1. Using Esbit in our Epicurean stoves
  2. Using an alcohol stove with a simmer ring
  3. Using a canister stove [with the ability to simmer]
  4. Using 4 tea lights

An easy way to test your stove is to boil 2 cups of 70ºF water; a 100 watts stove will boil the water in about 30 minutes.

Does elevation affect the baking time or the finished results at all?
Elevation does not affect baking as we have made lasagna, breads and quiches at +13,000 feet. Stove performance and baking times were identical to the results at 1000 feet.
Awesome info! What are some of your favorite tasty treats to bake up and what is the typical time to bake a meal?
#1 on the list is a cheese burger; we make one on every backpacking trip. Next would be a lasagna followed by a deep dish pizza. Epic meals at awesome places!

I think that the time issue is pretty interesting. If you look up the direction to bake anything at home, they are comparable to our baking times. I baked a traditional lasagna at home last night. I took 20 minutes for the oven to get up to temperature and then 40 minutes to bake. Compare this to a freeze dried meal. There you have to boil the water (on an alcohol stove – 7-10 minutes), and then let the meal set (~10 minutes). For an incremental amount of time you can prepare a better tasting meal with a lot more calorie content.

John with double crust pizza on the JMT
John with double crust pizza on the JMT
Sounds Good! Speaking of tasty food, do you have any recommended sources for recipes?
Well you could start with our cookbook; it’s called the Epicurean Backpacker’s Cookbook. It is a free download on our website.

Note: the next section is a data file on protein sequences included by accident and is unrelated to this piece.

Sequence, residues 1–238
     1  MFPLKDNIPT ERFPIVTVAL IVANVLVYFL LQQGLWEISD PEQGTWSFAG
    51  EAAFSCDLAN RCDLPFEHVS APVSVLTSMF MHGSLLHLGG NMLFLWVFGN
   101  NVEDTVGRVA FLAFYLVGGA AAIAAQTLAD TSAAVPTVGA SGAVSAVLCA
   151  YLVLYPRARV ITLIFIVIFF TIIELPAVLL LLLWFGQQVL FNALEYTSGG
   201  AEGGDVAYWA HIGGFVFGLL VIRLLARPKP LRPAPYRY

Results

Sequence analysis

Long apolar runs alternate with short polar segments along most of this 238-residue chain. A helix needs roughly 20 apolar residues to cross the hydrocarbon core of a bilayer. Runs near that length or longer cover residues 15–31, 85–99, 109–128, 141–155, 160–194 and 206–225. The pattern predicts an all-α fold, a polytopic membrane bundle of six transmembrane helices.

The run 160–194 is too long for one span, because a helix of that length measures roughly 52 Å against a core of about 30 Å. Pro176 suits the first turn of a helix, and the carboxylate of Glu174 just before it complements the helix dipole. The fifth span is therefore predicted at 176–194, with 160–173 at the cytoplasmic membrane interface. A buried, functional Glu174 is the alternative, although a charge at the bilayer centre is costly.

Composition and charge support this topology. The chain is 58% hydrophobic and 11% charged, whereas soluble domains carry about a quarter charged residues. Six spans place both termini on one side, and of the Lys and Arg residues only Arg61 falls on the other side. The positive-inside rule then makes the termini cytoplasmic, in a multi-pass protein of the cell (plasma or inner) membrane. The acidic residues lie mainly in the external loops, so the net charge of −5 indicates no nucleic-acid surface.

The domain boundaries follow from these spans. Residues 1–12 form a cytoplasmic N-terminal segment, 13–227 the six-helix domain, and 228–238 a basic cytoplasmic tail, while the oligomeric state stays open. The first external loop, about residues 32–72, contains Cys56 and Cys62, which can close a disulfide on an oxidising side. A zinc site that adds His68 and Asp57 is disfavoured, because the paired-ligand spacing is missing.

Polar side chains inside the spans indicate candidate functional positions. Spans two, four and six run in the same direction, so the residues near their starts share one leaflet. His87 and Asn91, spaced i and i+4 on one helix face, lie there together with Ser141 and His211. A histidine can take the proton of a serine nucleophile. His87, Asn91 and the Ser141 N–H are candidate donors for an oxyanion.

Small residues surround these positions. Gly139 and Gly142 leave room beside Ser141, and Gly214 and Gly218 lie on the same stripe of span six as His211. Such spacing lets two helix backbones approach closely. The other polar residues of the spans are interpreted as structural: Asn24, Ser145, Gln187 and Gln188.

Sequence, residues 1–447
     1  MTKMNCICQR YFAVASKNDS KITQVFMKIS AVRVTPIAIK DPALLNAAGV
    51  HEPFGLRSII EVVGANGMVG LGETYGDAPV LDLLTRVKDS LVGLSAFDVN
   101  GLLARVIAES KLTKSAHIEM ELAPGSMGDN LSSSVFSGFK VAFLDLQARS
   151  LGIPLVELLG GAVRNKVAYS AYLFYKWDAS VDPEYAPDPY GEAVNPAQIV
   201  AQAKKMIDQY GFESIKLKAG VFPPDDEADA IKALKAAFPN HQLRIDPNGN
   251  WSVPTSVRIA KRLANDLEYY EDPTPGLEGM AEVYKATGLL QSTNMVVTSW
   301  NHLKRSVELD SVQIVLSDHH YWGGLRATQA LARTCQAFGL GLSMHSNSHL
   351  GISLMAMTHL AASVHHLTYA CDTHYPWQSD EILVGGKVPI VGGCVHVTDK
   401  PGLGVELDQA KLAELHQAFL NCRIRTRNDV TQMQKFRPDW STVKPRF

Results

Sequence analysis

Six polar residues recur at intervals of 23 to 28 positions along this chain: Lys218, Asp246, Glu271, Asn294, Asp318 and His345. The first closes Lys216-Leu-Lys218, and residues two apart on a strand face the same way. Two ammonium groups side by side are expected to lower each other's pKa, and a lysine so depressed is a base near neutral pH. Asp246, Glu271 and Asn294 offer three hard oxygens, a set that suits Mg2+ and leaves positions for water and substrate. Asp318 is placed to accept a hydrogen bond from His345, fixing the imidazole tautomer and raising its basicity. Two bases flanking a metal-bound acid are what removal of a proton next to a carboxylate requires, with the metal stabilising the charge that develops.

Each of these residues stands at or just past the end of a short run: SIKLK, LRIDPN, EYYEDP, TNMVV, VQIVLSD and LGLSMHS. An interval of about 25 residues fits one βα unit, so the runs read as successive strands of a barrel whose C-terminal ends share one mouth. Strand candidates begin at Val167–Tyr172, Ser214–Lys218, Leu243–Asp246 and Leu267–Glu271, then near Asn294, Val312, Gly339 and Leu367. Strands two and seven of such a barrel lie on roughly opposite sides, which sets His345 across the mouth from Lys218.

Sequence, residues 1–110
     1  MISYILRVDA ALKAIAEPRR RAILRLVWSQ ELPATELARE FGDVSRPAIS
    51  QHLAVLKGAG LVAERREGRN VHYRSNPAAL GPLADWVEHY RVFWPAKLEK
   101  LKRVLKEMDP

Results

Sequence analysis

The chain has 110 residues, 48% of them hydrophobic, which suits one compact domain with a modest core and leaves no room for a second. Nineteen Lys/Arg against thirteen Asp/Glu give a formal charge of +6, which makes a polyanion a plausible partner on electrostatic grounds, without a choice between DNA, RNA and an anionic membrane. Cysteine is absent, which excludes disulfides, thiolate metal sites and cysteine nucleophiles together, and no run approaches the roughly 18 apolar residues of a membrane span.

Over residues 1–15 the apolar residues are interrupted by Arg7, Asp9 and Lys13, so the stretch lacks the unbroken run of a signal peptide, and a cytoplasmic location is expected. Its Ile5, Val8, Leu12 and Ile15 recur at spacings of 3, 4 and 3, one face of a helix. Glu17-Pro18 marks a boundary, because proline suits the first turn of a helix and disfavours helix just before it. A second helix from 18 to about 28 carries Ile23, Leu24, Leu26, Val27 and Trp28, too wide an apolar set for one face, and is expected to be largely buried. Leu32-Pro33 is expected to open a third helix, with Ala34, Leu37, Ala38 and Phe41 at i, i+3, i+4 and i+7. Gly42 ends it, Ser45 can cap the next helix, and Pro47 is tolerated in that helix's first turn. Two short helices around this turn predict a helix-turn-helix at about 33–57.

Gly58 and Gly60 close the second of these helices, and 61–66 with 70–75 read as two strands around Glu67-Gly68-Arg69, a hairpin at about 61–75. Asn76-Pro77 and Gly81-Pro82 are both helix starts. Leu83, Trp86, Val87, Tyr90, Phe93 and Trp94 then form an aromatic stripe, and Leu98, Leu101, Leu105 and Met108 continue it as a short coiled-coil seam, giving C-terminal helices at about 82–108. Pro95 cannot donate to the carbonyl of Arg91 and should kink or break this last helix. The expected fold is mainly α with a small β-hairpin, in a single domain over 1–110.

Which of your products has been the most popular to date?
Our most popular product is the Epicurean Titanium Stove. This stove has brought new life to solid fuels; in particular Esbit. The Epicurean Titanium is the first commercial stove that could boil fast AND/OR simmer: 1 Esbit tablet will burn for 50 to 60 minutes.. This is the most reliable stove for dry baking.
Just for fun, what are some of your favorite pieces of gear made by other manufacturers?
  • Enlightened Equipment down quilt: Tim makes a great product
  • Trail Designs – Russ, Rand and Lee are innovative and good guys
  • Tarptent – Henry is excellent and they provide great customer service
What are your “big three” items for a typical backpacking trip?
  1. Big Agnes Copper Spur UL3 – I’m a flopper and need space
  2. Enlightened Equipment long & wide 30 degree down quilt
  3. Gregory Baltoro – (I will eventually get a lighter pack)
Do you have any thoughts on the progression of ultralight backpacking, or backpacking in any of its “lightweight” flavors?
I am thrilled to watch products take off and get adopted by the UL/Traditional backpackers. It is fun to see products like the NeoAir, & Sawyer filter take off and become adopted by customers. I give a lot of credit to the guys out there pushing the edge: I hope that water resistant down and cuben are successful.
Looking toward the future, what’s your vision for yourself and your company?
Interesting and timely question. I took a sabbatical from my last full time job to travel a bit and I am currently at a crossroads. I am either going back into a tradition Engineering Management position or I am going to start another company.
Complete this sentence: “I hope that Flat Cat Gear cook systems will…”
… delight customers from around the world!
The Epicurean Titanium Stove
The Epicurean Titanium Stove
If you have questions for Jon feel free to post them here, or contact him directly via his website www.flatcatgear.com or email him directly and say whats up!. You can follow along with Flat Cat Gear and all the epic meals that Jon is cooking up on his Facebook page too. Thanks Jon! Hike It. Like It.

Jacob D Written by:

Jacob is the head honcho, wearer of many hats, and modern day berserker here at Hike It. Like It. When he's not out hiking or running the trails you'll find him operating in full capacity as a Super Dad and chipping away at a degree in Kinesiology. This guy likes to stay busy. Follow on Strava